Sunday, January 31, 2016 Symphony Of The City: Nigerian Artist Draws Songs From The Bustling Market

             "Market Symphony" is a new audio installation at the National Museum of African Art in Washington, D.C. The exhibition layers sound from a market in Lagos, Nigeria. The speakers are installed on enamelware trays which are often used in markets.
Courtesy of the National Museum of African Art       Artist Emeka Ogboh was commissioned by the museum to create a site-specific audio installation.
Adolphus Opara/Smithsonian National Museum of African Art 

National Public Radio

January 31, 2016

To people who live in big cities, the sound of honking, the whir of traffic, the howl of street vendors and the clang of construction can just be background noise.

But for Nigerian sound and video artist Emeka Ogboh, the city is his palette — his symphony of sound. And his compositions can whisk the listener to another time and place.

"There are stories in the soundscape," he says. "There are stories from the city. You can tell more about the city from just listening to the soundscape. And that's what happened. I started finding it really interesting."

Ogboh recorded hours of sounds to pull a listener through the song of the bustling Balogun open-air market in the Nigerian megacity of Lagos.

NPR's Michel Martin spoke with Ogboh and took a tour of his new exhibition, "Market Symphony," at the National Museum of African Art in Washington, D.C. It's the first time the museum has featured a sound art exhibition, and it opens later this week.             

James P. Johnson (1894-1955), Pioneer Stride Pianist, Was Born February 1; In 2015 he was inducted into Jazz at Lincoln Center's Ertegun Jazz Hall of Fame

                                                                                                              Victory Stride: The Symphonic Music of James P. Johnson; The Concordia Orchestra; Marin Alsop, Conductor; Music Masters 67140 (1994)

The African American composer and pianist James Price Johnson, profiled at, was born on Feb. 1, 1894 in New Brunswick, New Jersey. 

In his liner notes for Victory Stride, Scott E. Brown points out that James P. Johnson was called the Father of Stride Piano: "James P. Johnson was an astounding musician, arguably the most important black musician in New York during the decade of the 1920s. He is best known in jazz as the Father of Stride Piano, a two-handed, solo piano style that developed out of ragtime and flourished in the Northeast, especially Harlem, during the 1920s as the first true jazz idiom. He has influenced many successive jazz musicians, including his students Fats Waller and Duke Ellington."

Prof. Dominique-René de Lerma wrote the liner notes for the CD Got the Saint-Louis Blues: Classical Music in the Jazz Age, Clarion CLR907 (2004), which includes a performance of Johnson's Yamekraw: A Negro Rhapsody (15:49) by pianist Paul Shaw and the VocalEssence Ensemble conducted by Philip Brunelle. Dr. De Lerma relates that Johnson's music studies with Bruto Giannini were followed by piano lessons from Eubie Blake. He continues: "Toward the end of the 1920s, Johnson began devoting time to the study of orchestration, counterpoint, and harmony."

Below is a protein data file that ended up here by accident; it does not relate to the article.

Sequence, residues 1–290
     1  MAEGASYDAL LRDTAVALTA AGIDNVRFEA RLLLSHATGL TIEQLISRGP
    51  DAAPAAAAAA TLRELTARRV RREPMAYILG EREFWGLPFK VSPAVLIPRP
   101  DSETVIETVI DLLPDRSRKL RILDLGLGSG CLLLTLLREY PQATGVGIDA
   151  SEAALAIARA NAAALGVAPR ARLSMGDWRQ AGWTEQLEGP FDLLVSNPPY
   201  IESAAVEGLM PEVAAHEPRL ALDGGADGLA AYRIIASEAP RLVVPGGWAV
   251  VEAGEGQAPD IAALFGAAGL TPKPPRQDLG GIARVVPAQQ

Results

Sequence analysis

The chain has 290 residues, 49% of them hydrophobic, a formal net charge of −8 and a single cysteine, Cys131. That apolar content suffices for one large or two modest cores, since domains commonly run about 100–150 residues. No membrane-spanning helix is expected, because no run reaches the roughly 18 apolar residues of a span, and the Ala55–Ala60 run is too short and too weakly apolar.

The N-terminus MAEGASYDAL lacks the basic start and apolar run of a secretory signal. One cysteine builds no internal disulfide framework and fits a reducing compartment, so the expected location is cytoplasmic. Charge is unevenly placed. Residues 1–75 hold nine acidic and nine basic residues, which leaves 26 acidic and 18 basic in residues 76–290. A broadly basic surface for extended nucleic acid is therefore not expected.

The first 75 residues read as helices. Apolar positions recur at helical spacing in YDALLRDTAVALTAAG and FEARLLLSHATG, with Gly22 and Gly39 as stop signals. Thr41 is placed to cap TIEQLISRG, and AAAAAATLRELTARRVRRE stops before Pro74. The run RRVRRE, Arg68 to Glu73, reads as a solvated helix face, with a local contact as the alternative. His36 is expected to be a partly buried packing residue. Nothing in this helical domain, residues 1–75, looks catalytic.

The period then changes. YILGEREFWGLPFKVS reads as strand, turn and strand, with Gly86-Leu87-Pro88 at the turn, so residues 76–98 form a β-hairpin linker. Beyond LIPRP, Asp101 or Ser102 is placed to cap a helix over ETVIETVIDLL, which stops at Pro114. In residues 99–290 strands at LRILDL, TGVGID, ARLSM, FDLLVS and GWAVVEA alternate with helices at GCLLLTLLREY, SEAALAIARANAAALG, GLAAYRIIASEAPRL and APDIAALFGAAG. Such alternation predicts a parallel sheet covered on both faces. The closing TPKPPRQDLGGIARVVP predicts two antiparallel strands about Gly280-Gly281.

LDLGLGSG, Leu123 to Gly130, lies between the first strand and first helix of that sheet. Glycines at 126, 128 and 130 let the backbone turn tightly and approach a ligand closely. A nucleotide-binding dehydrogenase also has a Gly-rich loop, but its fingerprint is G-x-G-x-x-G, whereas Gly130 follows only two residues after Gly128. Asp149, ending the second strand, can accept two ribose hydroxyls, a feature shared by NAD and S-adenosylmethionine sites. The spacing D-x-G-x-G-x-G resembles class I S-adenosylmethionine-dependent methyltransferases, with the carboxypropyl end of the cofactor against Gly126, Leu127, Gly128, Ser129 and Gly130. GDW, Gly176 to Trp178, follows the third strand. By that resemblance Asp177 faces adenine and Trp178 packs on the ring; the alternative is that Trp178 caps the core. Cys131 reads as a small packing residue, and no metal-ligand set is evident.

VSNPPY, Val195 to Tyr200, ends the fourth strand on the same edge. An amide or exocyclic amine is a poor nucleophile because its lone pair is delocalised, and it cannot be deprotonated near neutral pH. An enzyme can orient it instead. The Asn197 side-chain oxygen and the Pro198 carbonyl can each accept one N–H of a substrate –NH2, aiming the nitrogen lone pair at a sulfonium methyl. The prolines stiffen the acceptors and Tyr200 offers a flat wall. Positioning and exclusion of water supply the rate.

In his liner notes, Scott Brown agrees that Johnson was intent on becoming a serious composer: "Of all his accomplishments, James P. Johnson most wanted to be remembered as a serious composer of symphonic music utilizing African-American musical themes. When the Depression ended the decade of the Charleston, James P. Johnson semi-retired from active Harlem nightlife to concentrate on symphonic composition."

Los Alamos Daily Post: Noon Brown Bag Combines Music And Poetry Feb. 3 [Music of Samuel Coleridge-Taylor (1875-1912)]

Samuel Coleridge-Taylor (1875-1912) is profiled at which features a comprehensive Works List and a Bibliography by Dr. Dominique-Rene de Lerma,

Los Alamos Pianist Rheta Moazzami.
Photo by Sherry Hardage

Dr. Doris A. Fields
University of New Mexico

on January 31, 2016 


Los Alamos Daily Post

In celebration of Black History Month, the Los Alamos Arts Council’s upcoming Brown Bag show will feature a collaboration of music and poetry.
Los Alamos Pianist Rheta Moazzami along with Poet and University of New Mexico Professor Dr. Doris Fields are performing in the noontime concert Wednesday at Fuller Lodge.
The concert is free to the public.
The pieces Moazzami will perform include one of her own compositions, “Selma,” which she wrote in honor of the 50th anniversary of the civil rights march that took place in Selma, Ala. Additionally, she will perform pieces by composer Samuel Coleridge Taylor.
Fields selected poems to read that would compliment the music, Moazzami said, adding, Fields is a wonderful poet with a beautiful speaking voice. “It’s going to be a treat,” she said.
Fields’ poetry brings awareness to the human condition, Moazzami said. Fields’ poetry not only celebrates African-American culture, but has also commemorated the Japanese kept in internment camps during World War II and urged peace between Israel and Jerusalem.
Likewise, Moazzami is eager to perform music by Coleridge-Taylor, an Anglo-African classical composer whose work was famous at the turn-of-the century.
Through the poetry readings and piano music, the hope is to raise the audience’s awareness to a history that sometimes receives little attention.

Comment by email: